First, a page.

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The Immigrant Artist Biennial Offers a Lesson in Perseverance

The Immigrant Artist Biennial Offers a Lesson in Perseverance

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Esperanza Cortes

The Immigrant Artist Biennial

The Immigrant Artist Biennial (TIAB) is an ambitious, multidisciplinary project that has been nearly two years in the making. Founded by immigrant artist Katya Grokhovsky and fiscally sponsored through eight fundraisers and the New York Foundation of the Arts, the inaugural edition of TIAB brings together over 60 United States-based immigrant artists and art collectives to create a space for dialogue and inter-connectivity to address issues related to immigration and anti-immigration sentiments. Consisting of four exhibitions with virtual performances and installations, the biennial spans a wide range of artistic practices. The story of TIAB and the resiliency of its organizers and artists is much like the story of immigrants to this country in general. Launched in March at the Brooklyn Museum just before Covid-19 caused worldwide lockdowns, the biennial had to quickly adapt and reconfigure the project for online viewing. Hard work, flexibility, and a complete reimagining of how the project would work have resulted in an incredibly timely, necessary exploration of the ideas of home, shared space, silencing, erasure, and immigration. The programs associated with TIAB will continue through the 2020 election, an overlap founding director Grokhovsky was passionate about and will include virtual performances and panels to complement the exhibitions.

While the initial plan was to have physical exhibitions, just one ended up with a physical iteration while the rest had to pivot to online formats. The physical exhibition “Here, Together!,” includes 11 US-based immigrant artists exploring themes of displacement, alienation, and the breaking down of the notion of the American Empire. Held in The Elizabeth Foundation for the Arts’ EFA Project Space, the show opened on September 9th and runs through October 24th.

daàPò réo The Immigrant Artist Biennial
Installation shot of “Here, Together!” featuring “Why Should We Be Deported? This is Very, Very Hard for a Family” by daàPò réo. Image courtesy TIAB and Walter Wlodarczyk.

Welcoming the viewer to the exhibition “Here, Together!” is a metal, barbed wire, and fabric flag by the Nigerian-born artist daàPò réo. Resembling a hand-crafted American flag, the title of the work is “Why Should We Be Deported? This is Very, Very Hard for a Family.” While the title can be posed as a question to the Trump administration, it is actually a quote from Donald Trump’s grandfather. The text was written in 1905 by Friedrich Trump to the prince of Bavaria upon being ordered to leave the country for failing to complete mandatory military service.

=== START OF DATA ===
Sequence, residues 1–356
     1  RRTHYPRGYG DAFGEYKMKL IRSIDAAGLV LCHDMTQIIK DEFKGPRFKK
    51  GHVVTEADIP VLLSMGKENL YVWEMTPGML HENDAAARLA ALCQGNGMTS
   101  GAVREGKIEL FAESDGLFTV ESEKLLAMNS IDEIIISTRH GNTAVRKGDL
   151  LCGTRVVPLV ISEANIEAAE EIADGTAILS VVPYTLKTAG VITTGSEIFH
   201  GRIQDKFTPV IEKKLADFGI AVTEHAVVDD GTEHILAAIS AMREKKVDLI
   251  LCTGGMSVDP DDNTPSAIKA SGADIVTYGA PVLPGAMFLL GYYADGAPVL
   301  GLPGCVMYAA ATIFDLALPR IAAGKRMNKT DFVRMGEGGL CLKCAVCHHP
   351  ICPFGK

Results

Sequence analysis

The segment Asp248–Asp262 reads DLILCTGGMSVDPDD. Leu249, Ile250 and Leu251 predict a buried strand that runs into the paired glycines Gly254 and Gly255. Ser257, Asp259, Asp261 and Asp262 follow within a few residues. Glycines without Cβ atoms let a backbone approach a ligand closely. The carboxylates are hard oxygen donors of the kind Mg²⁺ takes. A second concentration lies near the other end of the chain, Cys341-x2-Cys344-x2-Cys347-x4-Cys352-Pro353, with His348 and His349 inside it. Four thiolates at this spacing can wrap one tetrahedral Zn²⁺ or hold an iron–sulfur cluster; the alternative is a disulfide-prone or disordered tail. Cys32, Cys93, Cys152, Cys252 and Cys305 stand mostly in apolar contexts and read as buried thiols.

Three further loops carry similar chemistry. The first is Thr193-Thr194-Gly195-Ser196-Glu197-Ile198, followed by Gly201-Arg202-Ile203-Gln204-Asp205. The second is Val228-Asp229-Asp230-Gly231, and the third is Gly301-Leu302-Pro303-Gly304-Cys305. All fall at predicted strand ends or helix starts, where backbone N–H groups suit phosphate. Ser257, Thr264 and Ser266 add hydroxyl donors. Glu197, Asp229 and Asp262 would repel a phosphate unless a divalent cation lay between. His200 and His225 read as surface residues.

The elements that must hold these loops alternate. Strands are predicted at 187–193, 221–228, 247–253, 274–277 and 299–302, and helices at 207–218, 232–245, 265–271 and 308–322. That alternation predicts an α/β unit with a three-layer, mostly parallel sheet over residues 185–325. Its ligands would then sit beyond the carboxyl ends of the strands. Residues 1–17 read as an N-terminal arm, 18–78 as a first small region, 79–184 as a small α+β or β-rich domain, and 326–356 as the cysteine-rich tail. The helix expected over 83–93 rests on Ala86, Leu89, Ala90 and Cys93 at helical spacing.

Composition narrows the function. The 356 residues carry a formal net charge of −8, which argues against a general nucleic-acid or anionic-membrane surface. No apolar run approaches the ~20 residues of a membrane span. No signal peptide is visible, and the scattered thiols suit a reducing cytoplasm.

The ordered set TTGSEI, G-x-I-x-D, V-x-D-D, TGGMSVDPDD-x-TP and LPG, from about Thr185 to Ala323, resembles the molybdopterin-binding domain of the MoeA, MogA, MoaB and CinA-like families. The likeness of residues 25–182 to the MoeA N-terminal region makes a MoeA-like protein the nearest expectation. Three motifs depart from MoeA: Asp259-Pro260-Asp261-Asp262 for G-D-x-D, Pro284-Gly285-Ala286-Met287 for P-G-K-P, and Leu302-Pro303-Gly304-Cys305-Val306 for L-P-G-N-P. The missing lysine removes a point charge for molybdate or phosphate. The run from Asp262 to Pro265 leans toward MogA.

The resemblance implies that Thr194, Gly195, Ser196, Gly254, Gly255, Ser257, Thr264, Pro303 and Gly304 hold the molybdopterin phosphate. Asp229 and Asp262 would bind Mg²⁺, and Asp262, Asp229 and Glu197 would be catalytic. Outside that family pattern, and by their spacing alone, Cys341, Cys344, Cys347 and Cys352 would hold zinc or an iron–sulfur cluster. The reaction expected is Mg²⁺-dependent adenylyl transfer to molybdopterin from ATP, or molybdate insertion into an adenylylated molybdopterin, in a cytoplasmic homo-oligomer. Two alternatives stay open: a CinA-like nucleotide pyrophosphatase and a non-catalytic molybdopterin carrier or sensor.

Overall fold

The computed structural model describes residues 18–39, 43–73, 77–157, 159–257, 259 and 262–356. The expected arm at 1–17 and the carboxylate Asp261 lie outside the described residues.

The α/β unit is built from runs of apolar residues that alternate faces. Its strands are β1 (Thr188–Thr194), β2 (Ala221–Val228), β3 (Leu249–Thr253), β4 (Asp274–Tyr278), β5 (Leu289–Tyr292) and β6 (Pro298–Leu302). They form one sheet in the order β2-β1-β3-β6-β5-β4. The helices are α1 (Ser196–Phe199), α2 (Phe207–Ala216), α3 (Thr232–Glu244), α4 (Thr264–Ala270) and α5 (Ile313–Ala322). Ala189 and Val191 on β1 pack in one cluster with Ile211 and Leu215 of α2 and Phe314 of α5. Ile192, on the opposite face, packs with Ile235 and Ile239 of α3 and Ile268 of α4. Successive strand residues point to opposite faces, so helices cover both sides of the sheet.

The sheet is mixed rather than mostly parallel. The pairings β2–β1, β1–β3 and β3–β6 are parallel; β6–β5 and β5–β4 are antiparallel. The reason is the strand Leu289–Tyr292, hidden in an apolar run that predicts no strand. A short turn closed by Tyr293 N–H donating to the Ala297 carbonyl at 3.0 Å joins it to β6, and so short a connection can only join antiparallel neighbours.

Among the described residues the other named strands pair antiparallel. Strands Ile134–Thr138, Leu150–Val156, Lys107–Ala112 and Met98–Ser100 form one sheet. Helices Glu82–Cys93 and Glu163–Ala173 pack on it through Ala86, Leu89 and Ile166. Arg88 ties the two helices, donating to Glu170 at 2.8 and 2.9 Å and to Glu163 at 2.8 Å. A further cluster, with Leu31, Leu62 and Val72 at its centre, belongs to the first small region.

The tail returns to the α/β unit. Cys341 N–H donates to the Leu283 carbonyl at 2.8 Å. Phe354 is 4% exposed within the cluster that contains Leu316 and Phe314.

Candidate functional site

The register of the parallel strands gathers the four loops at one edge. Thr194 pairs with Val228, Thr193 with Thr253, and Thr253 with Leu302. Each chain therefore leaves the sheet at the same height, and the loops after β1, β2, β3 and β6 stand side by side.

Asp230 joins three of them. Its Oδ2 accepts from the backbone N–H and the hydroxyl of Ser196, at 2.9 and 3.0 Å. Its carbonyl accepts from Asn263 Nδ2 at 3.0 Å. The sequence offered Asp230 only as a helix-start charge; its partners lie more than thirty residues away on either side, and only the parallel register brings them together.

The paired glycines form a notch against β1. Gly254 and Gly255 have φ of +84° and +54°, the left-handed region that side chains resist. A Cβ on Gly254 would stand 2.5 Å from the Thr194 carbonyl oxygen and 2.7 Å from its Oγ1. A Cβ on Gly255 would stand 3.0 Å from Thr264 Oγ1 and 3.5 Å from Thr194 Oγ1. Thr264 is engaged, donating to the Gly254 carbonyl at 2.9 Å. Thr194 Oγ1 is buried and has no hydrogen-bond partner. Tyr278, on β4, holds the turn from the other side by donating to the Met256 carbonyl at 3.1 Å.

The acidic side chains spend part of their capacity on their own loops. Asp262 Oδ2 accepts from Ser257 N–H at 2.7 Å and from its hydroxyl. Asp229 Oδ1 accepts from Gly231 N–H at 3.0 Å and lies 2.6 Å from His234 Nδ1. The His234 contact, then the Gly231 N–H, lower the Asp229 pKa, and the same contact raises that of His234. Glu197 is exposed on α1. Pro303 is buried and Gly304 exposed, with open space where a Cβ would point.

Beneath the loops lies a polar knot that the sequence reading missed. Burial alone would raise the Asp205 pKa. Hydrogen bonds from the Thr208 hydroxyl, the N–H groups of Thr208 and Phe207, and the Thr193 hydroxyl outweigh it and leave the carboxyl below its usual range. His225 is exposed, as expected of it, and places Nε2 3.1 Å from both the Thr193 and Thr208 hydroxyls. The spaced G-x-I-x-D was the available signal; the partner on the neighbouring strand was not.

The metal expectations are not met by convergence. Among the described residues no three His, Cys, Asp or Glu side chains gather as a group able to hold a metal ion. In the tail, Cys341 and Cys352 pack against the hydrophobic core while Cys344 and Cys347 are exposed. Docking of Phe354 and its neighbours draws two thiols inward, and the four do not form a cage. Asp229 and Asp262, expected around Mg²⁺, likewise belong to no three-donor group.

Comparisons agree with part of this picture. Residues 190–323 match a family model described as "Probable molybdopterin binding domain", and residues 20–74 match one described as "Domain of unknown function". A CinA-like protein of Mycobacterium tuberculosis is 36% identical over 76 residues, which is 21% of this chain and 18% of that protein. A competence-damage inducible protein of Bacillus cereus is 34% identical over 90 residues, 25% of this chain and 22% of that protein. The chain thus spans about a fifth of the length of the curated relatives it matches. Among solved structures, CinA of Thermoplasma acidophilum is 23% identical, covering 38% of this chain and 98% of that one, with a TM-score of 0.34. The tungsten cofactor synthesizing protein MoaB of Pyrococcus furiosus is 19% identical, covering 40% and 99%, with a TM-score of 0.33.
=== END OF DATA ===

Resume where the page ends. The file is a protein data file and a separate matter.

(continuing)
A testament to the long history of immigration in the US, daàPò réo’s work raises questions of global migration and acts as a physical border through which the viewer crosses to enter the exhibition. Upon approaching the flag, the viewer sees that it is comprised of a variety of found textiles as if resembling a personalized, patched-together image of America. After walking through the metal frame and under the barbed wire, the viewer turns around and is confronted by a very different view of the American flag, one that is mass-produced and intertwined with the Confederate flag. The culture, craft, and history suggested by the front side is completely washed away as soon as the border is crossed.

daàPò réo. Image courtesy TIAB and Andrew T. White.
Installation shot of “The Immigrant Artist Biennial: Here, Together!” featuring “Why Should We Be Deported? This is Very, Very Hard for a Family” by daàPò réo. Image courtesy TIAB and Andrew T. White.

While some works in The Immigrant Artist Biennial offer clear commentary on immigration and the lived experience of immigrants in the US, others are a reflection on cultural heritage and identity. Colombian-born artist Esperanza Cortés explores these notions through her crystal-encrusted sculptures that she placed in a vitrine. Reminiscent of Damien Hirst with his diamond-covered skull and vitrines of fossils and pharmaceuticals, Cortés’ works relate to her interest in cultures of the Americas and the Caribbean, narratives of Colonialism, and cultural erasure. Incorporating an element of craft similar to the hand-made quality of réo’s work, Cortés has painstakingly reworked these objects with the application of small crystals. The use of the skull reminds the viewer of the vulnerability of the human body, a shared vulnerability regardless of one’s nationality or immigration status.

Esperanza Cortes The Immigrant Artist Biennial